We arrived on south Bali island, a supposed Mecca of spirituality and serenity dating back 5,000 years. Well, not any more, or at least not all of it. Granted, the area has undergone a serious tourism boom over the past decade, but any tranquility in the Kuta/Legian area has been displaced by large stretches aggressive shop owners, taxi drivers for hire, spas galore, and children haranguing you to buy one of their little [insert cheap island souvenir here]. The stretches of beach are nice enough, but even then you have someone every 20 feet under an umbrella asking you if you want a beer, or surf lessons, or, in a more hushed tone, magic mushrooms. And it doesn't seem to make a difference which way you walk - it's a never-ending sea of commercialism.
Sandy suggested a few days on Gili Trawangan island, one of three islands comprising the Gilis - this was a whole lot better. The circumference of the island is completely walkable, and there is the perfect balance of everything and nothing. Any motorized vehicle transport has been replaced by horse guided rickshaw. A number of restaurants are peppered around the perimeter, a few bars, plenty of cheap and good accommodations, and even several dive shops. We essentially spent a few days on the beach unwinding, strolling the island, and went reef diving once (the sea and plant life was awesome).
Back to Bali island and further north to Ubud, and this is the Bali that I've read about. There is a fair amount of traffic in the town center, but a few steps off the main drags - and especially a short scooter ride away - takes you to tropical forestry, charming family run restaurants and shops, and rice plantation landscapes that makes you want to stay longer. In Ubud, we visited several temples, a sacred monkey forest, and thoroughly enjoyed hospitality that rivals anywhere we've been up to this point. Barring one of the strangest dance performances we've seen (Kecak dance), this marks a place we'll have to revisit - only 16,998 islands left to explore...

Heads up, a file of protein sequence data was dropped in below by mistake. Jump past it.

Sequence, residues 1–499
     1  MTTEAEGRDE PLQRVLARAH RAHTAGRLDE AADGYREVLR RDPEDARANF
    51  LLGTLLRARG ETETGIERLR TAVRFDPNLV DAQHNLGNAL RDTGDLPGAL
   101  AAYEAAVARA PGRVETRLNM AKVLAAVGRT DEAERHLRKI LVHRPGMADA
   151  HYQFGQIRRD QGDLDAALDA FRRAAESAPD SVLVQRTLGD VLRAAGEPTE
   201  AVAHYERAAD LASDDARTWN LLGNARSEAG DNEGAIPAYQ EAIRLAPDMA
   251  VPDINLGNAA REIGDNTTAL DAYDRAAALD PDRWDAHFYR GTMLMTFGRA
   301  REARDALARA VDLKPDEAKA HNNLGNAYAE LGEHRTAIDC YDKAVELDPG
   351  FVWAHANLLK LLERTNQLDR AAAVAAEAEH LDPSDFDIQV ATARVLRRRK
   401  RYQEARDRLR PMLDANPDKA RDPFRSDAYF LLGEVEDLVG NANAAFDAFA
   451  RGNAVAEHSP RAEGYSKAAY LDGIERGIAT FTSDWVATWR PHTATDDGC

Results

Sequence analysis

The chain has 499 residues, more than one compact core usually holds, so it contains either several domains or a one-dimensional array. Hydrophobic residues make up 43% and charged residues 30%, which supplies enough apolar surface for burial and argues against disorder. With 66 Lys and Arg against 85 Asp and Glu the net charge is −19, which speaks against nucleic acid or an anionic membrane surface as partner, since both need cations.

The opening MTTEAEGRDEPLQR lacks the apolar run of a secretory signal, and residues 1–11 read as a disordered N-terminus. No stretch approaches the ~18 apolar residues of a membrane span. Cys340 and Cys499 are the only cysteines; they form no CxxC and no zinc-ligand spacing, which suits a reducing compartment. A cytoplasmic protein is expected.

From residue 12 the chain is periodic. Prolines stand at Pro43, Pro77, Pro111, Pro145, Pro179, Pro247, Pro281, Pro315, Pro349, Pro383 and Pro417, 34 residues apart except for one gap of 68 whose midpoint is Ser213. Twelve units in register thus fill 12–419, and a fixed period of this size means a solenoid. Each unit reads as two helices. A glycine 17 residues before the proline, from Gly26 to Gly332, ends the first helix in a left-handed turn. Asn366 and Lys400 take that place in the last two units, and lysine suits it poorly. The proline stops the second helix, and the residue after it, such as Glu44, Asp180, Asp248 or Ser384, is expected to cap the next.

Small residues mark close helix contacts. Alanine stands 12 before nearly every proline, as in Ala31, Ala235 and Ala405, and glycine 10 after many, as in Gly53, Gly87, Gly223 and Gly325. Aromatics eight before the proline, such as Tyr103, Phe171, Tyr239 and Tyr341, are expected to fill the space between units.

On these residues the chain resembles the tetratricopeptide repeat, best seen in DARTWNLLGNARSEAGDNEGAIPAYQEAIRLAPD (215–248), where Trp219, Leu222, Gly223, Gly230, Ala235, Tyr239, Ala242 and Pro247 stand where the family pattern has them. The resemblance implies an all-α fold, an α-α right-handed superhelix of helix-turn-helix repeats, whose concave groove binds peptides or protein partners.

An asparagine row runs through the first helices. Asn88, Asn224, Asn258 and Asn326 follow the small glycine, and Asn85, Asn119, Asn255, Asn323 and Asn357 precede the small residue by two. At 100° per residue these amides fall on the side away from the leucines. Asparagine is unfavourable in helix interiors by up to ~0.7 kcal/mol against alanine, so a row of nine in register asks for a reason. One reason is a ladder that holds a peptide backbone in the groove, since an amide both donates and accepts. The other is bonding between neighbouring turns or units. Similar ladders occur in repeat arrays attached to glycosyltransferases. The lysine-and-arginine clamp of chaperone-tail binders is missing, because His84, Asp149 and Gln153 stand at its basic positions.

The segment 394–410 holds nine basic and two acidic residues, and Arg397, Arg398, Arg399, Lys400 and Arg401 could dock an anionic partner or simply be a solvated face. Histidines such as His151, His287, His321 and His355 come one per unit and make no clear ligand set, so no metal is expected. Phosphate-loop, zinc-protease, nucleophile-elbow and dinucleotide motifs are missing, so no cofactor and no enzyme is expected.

SS: Just the word Bali sounds majestic. Being on this side of the world and so close, Bali was a must stop but my initial impression was not the serenity that I imagined this mecca to be...yet.
Kuta/Legian area is crazy congested with hotels on top of restaurants that are on top of shops all located on twisting streets that hardly interlink. The beach is long and wide with near perfect waves coming in that both surfers and swimmers alike can enjoy. The only problem - it is sprinkled with litter and the touts are relentless. I'm happy that we experienced this area but now know that this area has had its prime and is not the peacefulness we were looking for.
Along our travels, any time we mentioned Bali people said to go to the Gilis and boy, were they right. The Gilis are made up of three tiny islands (Gili Air, Gili Meno, and Gili Trawangan) just northwest of the next door, non touristy, island of Lombok - I can imagine that Lombok is what Bali once looked like. A long ride up to the north from the airport, we then caught the local boat (that only leaves when full) to Gili Trawangan - dubbed the party island. There were pure white beaches and turquoise water, just enough restaurants and bars to keep you entertained but not over bearing, a trail around the entire island that is walkable in under 2 hours, excellent little guest houses, price capped scuba diving outlets and areas of the island that were still totally untouched. Real raw island time.
Back to Bali island to see (and feel) what real Bali has to offer. Ubud is still commercialized but a quick walk through Monkey Forest brings you feeling at one with nature. Our guest house was amazing - located just off the main strip with a private balcony overlooking rice green fields with and endless supply of hot water for tea or coffee. We rented a scooter and headed out with no particular site in mind, just a leisurely ride through the countryside enjoying stunning rice field terraces, lush green forests, cascading cliffs and tiny towns with friendly people as we passed by. There are spiritual pagodas around every corner that make you stop and just admire intricacy and tranquility.
I could have spent so much more time in Bali, discovering all that it has to offer, but our days are on the countdown now.
Off to the Gilis ...